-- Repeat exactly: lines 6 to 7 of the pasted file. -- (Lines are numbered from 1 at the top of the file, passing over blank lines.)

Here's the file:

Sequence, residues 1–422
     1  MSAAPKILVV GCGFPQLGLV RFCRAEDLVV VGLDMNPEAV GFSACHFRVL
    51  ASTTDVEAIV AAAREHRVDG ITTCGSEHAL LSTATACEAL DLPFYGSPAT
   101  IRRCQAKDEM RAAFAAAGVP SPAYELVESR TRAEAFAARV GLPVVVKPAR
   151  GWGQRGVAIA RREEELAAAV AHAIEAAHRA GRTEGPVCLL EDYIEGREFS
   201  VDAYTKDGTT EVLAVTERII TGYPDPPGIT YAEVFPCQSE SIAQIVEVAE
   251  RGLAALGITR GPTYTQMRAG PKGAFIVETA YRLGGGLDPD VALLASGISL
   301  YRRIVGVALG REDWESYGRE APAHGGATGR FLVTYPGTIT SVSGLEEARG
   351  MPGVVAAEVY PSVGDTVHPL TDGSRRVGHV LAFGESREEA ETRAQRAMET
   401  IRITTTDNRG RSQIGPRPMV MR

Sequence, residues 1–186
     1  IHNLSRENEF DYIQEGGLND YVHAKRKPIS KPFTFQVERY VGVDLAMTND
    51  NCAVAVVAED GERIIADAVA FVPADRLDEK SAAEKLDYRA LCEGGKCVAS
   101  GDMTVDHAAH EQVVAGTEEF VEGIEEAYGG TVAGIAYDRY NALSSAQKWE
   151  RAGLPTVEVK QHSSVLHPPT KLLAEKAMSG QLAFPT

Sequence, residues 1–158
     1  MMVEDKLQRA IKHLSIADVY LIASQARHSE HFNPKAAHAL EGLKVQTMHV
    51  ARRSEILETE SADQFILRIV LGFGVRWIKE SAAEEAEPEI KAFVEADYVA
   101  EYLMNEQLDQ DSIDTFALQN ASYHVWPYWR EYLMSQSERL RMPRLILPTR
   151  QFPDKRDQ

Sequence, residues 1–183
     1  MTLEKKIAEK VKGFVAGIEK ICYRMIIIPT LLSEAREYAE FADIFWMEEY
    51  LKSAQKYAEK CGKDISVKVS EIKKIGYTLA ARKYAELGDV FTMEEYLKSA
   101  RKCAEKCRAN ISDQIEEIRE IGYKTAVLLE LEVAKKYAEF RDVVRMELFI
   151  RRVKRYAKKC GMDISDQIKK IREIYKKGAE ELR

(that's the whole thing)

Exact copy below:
   201  VDAYTKDGTT EVLAVTERII TGYPDPPGIT YAEVFPCQSE SIAQIVEVAE
   251  RGLAALGITR GPTYTQMRAG PKGAFIVETA YRLGGGLDPD VALLASGISL